CJLPP: Could you speak a bit about your book Stop Helping Us: How Liberals Make it Harder for Blacks to Succeed? In what ways do you think liberals hinder the black community?
Riley: It’s just a type of thinking and the way the left has gone about trying to help blacks, it’s again putting in place perverse incentives that discourage this development of the human capital I was discussing. An example of well-intentioned policies that I think have not worked as well as intended, since we’re on a college campus, is affirmative action in higher education. This was a policy launched in the late 1960s as part of the Great Society program and then really started taking effect in the 1970s. It started out as taking qualified black students and placing them in universities where they had historically been denied access, but these were black students that met the credentials of the other kids at the school. But that wasn’t good enough for the left—they wanted more parity in outcomes—so they wanted college campus percentage of blacks to reflect society’s percentage of blacks. When they didn’t see that, they thought we needed to get more blacks into these schools even if we have to lower standards for some of them to get in, and this has been disastrous.
So you have a policy put in place to increase the ranks of college graduates, to increase the ranks of the black middle class, and what does the track records show now that we’re 40 years into this social engineering? Well we now know that the University of California system back in the 1996 ended race based college admissions, after that, black college graduation rates went up in California by more than fifty percent. This included even the more difficult disciplines of math, and science, and engineering, which again went up by more than 50 percent. So a policy that had been put in place to help increase the number of black college graduates was in practice reducing the number of black doctors, scientists, and lawyers than we would have had in the absence of the policy. Why was that happening? After Prop 209 passed, blacks started doing what whites and Asian kids do, which is to attend schools where they can handle the work, and as a result more of them were graduating, which is what we want. So, what affirmative action had done is created this mismatch effect.
A good example of this is a study done at MIT some years ago where the black kids that had been admitted to MIT had scored in the top 10 percent of all kids in the country on the math section of the SAT—we’re talking about some very bright kids here—but they were in the bottom 10 percent among their peers at MIT. So kids who would have been hitting it out of the park at a less selective institution, were struggling at MIT. And as a result, more of them were dropping out or struggling with their grades and switching in to easier majors, but this was not a priority for MIT. MIT’s priority was getting that racial mixture right freshman year in college, and whether or not these kids graduated as a secondary concern for MIT. They wanted that catalogue to look like America, and but did it help blacks? And so many of these liberal policies have run that course they’ve made whites feel very good about themselves in helping, and less concerned about the impact on the people they’re trying to help, particularly in the long term. So, I think affirmative action would be one example of that. Well intentioned, yes, but you need more than good intentions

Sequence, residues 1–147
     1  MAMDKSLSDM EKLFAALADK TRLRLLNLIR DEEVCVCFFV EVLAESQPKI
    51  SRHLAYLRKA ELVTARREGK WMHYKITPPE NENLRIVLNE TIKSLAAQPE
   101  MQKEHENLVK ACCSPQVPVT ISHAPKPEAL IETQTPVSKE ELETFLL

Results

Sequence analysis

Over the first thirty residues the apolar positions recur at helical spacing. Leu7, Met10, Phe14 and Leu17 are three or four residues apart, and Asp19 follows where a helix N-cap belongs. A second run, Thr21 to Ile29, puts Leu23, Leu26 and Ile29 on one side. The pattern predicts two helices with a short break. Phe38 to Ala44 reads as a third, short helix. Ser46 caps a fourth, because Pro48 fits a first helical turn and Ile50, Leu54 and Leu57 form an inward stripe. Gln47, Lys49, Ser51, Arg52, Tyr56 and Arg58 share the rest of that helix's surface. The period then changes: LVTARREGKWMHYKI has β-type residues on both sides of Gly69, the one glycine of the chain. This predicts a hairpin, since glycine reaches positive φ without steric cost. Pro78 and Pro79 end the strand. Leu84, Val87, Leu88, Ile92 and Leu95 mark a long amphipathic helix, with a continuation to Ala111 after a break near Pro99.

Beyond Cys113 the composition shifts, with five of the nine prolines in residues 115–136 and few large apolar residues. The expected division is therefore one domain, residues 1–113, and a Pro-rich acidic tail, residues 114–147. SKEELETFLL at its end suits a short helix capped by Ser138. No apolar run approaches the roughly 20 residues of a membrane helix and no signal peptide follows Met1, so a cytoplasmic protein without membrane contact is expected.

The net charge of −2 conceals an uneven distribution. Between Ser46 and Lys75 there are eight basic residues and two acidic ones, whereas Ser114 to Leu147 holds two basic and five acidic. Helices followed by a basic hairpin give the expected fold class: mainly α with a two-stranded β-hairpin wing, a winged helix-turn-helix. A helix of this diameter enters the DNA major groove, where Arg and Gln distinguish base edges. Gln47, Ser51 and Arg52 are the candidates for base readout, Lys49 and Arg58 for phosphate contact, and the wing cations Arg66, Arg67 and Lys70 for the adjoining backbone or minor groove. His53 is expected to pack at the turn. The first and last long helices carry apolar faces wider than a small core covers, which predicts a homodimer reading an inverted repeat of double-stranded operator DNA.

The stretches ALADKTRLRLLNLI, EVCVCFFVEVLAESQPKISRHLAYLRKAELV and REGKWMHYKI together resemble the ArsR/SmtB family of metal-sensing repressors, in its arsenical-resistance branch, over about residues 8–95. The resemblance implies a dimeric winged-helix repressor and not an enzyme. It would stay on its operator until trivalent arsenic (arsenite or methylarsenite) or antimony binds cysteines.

CJLPP: Schools such as the Claremont Colleges have seen a rise across the country of students mobilizing against prejudice in protests for women’s rights, most recently, and Black Lives Matter. Do you think these have been productive for the movements? If you had a chance to speak with and advise these students, what would you tell them?
Riley: Go to class, learn something. Well, I think you have two things going on college campuses; one is in some ways a product of the other. You have some free speech issues going on on-campus that really transcend race, people being shouted down like with the situation at Berkeley. All over the country, you have an environment where speech is being policed and kids are being taught that you don’t debate your critics, but that you muzzle them, and I think this is a very disturbing trend. I see it not getting better, but getting worse, and I think that’s something that really transcends race. The other thing in terms is social protest, Black Lives Matter and that sort of thing, I think to the extent that its affected college campuses, some of that may have to do with what I was just talking about, affirmative action, this mismatching of kids in schools and the tensions that it’s created, and its not just black-white anymore. What you’ve seen in recent years are Asian students becoming very mobilized, and not just Asian students but Asian lawmakers.
If you go back to Prop 209 for example, a couple years ago out here the Democrats in the state legislature found themselves with a super majority both in the Senate and the Assembly, with a Democratic governor as well. So, they could do pretty much anything they wanted with very little resistance and so they started grabbing policy ideas off the shelf, stuff that had been out of reach for a while, and they started pushing everything. One of them was to reverse Prop 209, which meant allowing color conscious college admissions, and Asian lawmakers pushed back against that. That’s because after Prop 209 passed, Asian enrollment at the most selective schools in the system—Berkeley and UCLA—went way down. Even though for decades these schools said they weren’t capping Asian enrollment, they swore they weren’t, yet after they could no longer take race into account then Asian enrollment spiked. So when the topic came to returning to this system, the Asian lawmakers said “No, our constituents are getting screwed by this policy, and we are not going back to this old system.” They stopped it, and that was significant because for years a lot of Asian interest groups had reflectively sided with blacks and Hispanics on these social issues, these activist issues, and they broke. Right now, you have Harvard being sued over its affirmative action policies by plaintiffs who are Asian, saying, “our numbers are artificially capped, you know it,” and they’ve used stats showing that while the Asian population in the U.S. has been going up, somehow Harvard’s freshman class always has the same percentage of Asians. Harvard denied it, but in practice it looks like suspiciously Asian applicants to Harvard are really just competing with each other Asian applicants.